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US envoy praises Pakistan progress against Taliban

President Barack Obama's special envoy to Pakistan praised the country's "very significant" progress in taking back key territory from the Taliban and promised more weapons for the fight against extremists close to the Afghan border.

world Updated: Aug 16, 2009 13:56 IST

President Barack Obama's special envoy to Pakistan praised the country's "very significant" progress in taking back key territory from the Taliban and promised more weapons for the fight against extremists close to the Afghan border. Richard Holbrooke began an official visit on Sunday, his first since the reported death of the militants' leader, Baitullah Mehsud, in a CIA missile strike Aug 5.

Heavy rain forced him to postpone a trip to the northwestern Swat Valley, where hundreds of thousands of refugees have begun to return after the military declared in July that it had ended Taliban control of the area, a US Embassy official said on condition of anonymity citing policy.

On Sunday, residents in Swat reported finding 18 bullet-ridden bodies lying in the streets, some of them believed to be those of militants loyal to the local Taliban chief.

Holbrooke told reporters travelling with him on Saturday that the Pakistani military's success in Swat was a sign of progress, along with the apparent death of Mehsud, which he described as a serious blow to the militants.

"I cannot tell whether the Taliban have been destroyed or dispersed as a result of this operation until I go myself," he said. "But one thing that is quite obvious is that security forces regained Swat and Buner from the Taliban, which itself is very significant."

Washington has reportedly been anxious for Pakistan to capitalise on the momentum by launching a ground offensive in the Taliban-controlled tribal areas west of Swat _ including Mehsud's stronghold of Waziristan. However, Holbrooke said the timing was up to the Pakistani military, which has been launching aerial assaults against militant bases near the border.

"It is not for the US to decide. It would be the decision of the Pakistan government as to when and how go against the terrorists in Waziristan," he said.

The Taliban takeover of Swat _ a scenic alpine enclave that once boasted Pakistan's only ski resort _ had become a symbol of the extremists' expansion in the nuclear-armed, mostly Muslim country of 175 million.

The government's various peace deals with militants in Swat and elsewhere had frustrated Washington, but three months ago, the army launched its largest offensive in years after the Swat militants broke a peace agreement and advanced into Buner district, just 60 miles (100 kilometers) from Islamabad, the capital. Holbrooke said the US planned to provide more helicopters and other equipment such as night-vision goggles to the Pakistani military to aid the fight, as well as give economic help for the cash-strapped government. He also said that Pakistan's shifting of its military focus from its eastern frontier near India westward to its border with Afghanistan was a positive sign.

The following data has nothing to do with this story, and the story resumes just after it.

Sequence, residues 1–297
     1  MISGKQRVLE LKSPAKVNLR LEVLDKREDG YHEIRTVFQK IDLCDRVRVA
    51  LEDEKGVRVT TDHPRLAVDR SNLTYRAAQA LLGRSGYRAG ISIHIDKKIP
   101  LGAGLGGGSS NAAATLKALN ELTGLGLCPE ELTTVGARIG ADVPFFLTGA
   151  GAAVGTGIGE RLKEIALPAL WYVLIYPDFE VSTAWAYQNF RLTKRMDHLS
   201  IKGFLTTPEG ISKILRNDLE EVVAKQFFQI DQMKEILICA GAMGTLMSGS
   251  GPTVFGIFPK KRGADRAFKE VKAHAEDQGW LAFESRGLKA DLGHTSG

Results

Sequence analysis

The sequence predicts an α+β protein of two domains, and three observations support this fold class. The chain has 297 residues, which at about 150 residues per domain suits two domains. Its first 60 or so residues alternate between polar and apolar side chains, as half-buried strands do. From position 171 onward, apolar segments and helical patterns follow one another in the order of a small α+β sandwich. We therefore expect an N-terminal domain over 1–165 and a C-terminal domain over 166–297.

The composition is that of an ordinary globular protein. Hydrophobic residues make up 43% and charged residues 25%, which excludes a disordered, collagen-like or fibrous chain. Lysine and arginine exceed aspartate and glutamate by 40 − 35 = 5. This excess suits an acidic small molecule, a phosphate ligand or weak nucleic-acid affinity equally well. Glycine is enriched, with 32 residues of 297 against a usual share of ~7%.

Pakistani forces have been winding down their three-month offensive in Swat but still face pockets of militant resistance and violence. Hundreds of thousands of the roughly 2 million people who fled during the military offensive have been returning amid tight security.

On Sunday, residents in different areas of Swat woke up to find a total of 18 bodies lying in the streets. One body was in the main town of Mingora, seven in Kanju town and the rest in four other villages. Local police would not comment on the bodies, but residents interviewed on condition of anonymity for fear of retaliation said they recognized some of the men as militants loyal to local Taliban commander Maulana Fazlullah.

Maj. Nasir Khan of army's Swat Media Center said the military had nothing to do with the deaths and theorized that local residents who suffered under the Taliban's harsh rule _ in which they banned music, burned down girls' schools and killed anyone who resisted their harsh interpretation of Islamic law _ were taking revenge. "It could be outcome of personal enmities in those areas," he said.

On Saturday, a suicide bomber rammed an explosives-laden car into a police checkpoint in Swat, killing at least five people. It was the first suicide attack there since July, when the military declared it had regained control of the valley.

Pakistan has said troops will remain in Swat until the fighters of Fazlullah _ a notorious Taliban leader whose thousands of followers are blamed for the violence _ are eliminated. Although the military says it has killed or captured a number of Fazlullah's commanders, he has evaded capture.